The following dialogue is taken from the subtitles in the first-person shooter video game -- Crysis Warhead:

SIERRA 1: Command, Sierra lead, bearing 270, angels 7, target is 16 and closing.

JTAC: Copy, Sierra lead. Be advised. We’re experiencing significant radio interference. Suspect KPA music. (KPA: Korean People's Army; music: radio interference)

SIERRA 1: Copy that. Beginning final approach.

O’NEILL: Oh yeah. Finally get to see some action on this trip.

SIERRA 1: Fangs away, Sierra 2. This is strictly hit and run. You copy? (Sierra 2 is O’NEILL)

O’NEILL: Yeah, I copy.

JTAC: Sierra team, command. Be advised: Raptor will be your ACM on this mission.

O’NEILL: Raptor? I don’t suppose I have a choice in this, do I?

PSYCHO: Fucking hell… I knew it, Sean O’Neill.

JTAC: Sierra lead, deploy seven, over.

SIERRA 1: Roger that.

I've checked Multiservice tactical brevity code and Acronymfinder for Military and Government.

But these three bold phrases just fall outside them; I failed to google the terms out.

Help to explain these military phrases.

  • 1
    Dunno. It sounds like it's elliptical for put your fangs away.
    – user230
    Nov 29, 2014 at 5:54
  • 1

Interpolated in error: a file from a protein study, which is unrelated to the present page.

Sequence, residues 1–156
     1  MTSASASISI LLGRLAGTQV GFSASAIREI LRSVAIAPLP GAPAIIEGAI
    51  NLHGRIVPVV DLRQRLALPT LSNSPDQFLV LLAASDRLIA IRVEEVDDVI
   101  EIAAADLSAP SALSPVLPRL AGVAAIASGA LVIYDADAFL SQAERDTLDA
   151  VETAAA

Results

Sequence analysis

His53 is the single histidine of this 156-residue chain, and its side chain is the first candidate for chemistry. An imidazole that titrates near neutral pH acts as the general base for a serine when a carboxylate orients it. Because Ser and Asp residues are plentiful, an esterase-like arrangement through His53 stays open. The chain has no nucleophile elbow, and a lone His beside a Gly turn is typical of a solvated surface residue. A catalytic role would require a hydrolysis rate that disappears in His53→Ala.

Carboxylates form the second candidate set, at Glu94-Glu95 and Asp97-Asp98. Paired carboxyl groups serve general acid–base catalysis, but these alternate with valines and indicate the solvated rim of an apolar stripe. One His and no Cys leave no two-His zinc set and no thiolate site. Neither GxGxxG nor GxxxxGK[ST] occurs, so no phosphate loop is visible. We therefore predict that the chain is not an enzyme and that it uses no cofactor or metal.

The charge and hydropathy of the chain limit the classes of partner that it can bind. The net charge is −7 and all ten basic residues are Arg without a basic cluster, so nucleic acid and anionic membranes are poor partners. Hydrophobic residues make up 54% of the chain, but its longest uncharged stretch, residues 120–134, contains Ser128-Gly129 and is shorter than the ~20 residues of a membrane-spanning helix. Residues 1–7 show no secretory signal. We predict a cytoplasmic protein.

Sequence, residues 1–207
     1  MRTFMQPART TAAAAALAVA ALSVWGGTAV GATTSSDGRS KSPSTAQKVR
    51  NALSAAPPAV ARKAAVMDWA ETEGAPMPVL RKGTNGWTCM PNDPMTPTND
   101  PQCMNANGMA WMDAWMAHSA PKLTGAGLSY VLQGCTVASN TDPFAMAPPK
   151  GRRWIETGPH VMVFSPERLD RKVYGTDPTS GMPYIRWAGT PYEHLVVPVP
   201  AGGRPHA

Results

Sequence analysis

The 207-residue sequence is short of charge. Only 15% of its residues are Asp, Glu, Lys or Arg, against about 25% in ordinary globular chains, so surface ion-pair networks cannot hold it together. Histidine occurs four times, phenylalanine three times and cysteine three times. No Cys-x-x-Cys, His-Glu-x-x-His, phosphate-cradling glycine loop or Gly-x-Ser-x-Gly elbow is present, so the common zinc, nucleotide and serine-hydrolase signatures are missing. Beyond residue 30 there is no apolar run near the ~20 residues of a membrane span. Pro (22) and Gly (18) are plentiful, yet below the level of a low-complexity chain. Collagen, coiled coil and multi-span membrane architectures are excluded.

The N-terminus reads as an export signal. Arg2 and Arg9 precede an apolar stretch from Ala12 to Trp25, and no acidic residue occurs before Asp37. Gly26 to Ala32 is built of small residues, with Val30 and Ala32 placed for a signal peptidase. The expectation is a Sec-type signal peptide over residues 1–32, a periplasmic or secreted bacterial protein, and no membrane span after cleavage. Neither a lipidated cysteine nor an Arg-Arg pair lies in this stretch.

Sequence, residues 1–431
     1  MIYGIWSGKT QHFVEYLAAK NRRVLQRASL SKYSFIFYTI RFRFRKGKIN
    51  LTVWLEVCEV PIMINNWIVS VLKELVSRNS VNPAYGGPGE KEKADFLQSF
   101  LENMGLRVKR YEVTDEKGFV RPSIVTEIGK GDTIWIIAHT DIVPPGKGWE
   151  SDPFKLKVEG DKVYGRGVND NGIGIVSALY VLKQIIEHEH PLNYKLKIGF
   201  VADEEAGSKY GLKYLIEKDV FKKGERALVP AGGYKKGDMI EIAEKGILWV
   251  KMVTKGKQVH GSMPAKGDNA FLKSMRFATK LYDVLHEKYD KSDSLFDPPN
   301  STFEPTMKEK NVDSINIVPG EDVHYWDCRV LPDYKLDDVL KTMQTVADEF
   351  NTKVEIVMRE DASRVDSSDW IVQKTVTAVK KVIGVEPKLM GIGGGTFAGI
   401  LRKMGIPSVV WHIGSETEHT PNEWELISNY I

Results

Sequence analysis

You mean don't fight em too hard? @snailboat
    – Kinzle B
    Nov 29, 2014 at 6:01
  • At last I dug it out: Airspace Coordinating Measures -- Measures employed to facilitate the efficient use of airspace to accomplish missions and simultaneously provide safeguards for friendly forces. Also called ACMs. Source: Department of Defense Dictionary of Military and Associated Terms: As Amended Through April 2010
    – Kinzle B
    Nov 29, 2014 at 6:29
  • Fangs away - no doubt equivalent to 'bombs away' imho. A guess at 'deploy 7' is a direct reference to 'angels 7' i.e., 7 of something flying & nasty, please attack with them... The TLA [ACM], I have no idea, sorry. Nov 29, 2014 at 21:29

2 Answers 2


I'll try to hazard a guess on

Fangs away, Sierra 2.

The sentence might mean

Do not engage the enemy too thoroughly. Do not try to capture prisoners or equipment. Do not spend more time than is needed to make a single attack. Do not spend time trying to maximize the enemy's damage.

The allusion here is to an animal that might opt to sink its fangs deeply into the victim, ravaging the victim to the full extent, or might just make a single attack and then fall back. An animal putting its fangs away is an animal preparing for a hit-and-run attack, not an all-out assault.

The expression "put your fangs away" is used in the metaphorical sense in literature: example. Here's another example:

She put away the fangs for a change and gave me a sugary sweet smile as she stood up.


So, I happened to be speaking with an actual JTAC in the US Army Rangers, and asked him about this passage. He said it was a mix of authentic and inauthentic language.

Fangs away is colorful talk, not something he'd expect to hear on a mission.

angels 7 = altitude 7000 feet

target is 16 and closing = target is 16 nautical miles away and getting closer

ACM he thought a mistake possibly for AMC

He did not know what deploy seven meant.

P.S. For a game with really authentic mission lingo and flight graphics, he recommended DCS A10 Warthog.


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